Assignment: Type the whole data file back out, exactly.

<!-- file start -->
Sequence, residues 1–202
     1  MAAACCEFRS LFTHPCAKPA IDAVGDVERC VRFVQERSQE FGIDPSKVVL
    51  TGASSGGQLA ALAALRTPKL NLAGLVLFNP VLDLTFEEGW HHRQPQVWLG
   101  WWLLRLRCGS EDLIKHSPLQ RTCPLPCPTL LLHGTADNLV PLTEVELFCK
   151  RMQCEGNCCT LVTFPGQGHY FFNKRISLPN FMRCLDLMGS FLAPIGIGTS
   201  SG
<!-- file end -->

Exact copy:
Sequence, residues 1–202
     1  MAAACCEFRS LFTHPCAKPA IDAVGDVERC VRFVQERSQE FGIDPSKVVL
    51  TGASSGGQLA ALAALRTPKL NLAGLVLFNP VLDLTFEEGW HHRQPQVWLG
   101  WWLLRLRCGS EDLIKHSPLQ RTCPLPCPTL LLHGTADNLV PLTEVELFCK
   151  RMQCEGNCCT LVTFPGQGHY FFNKRISLPN FMRCLDLMGS FLAPIGIGTS
   201  SG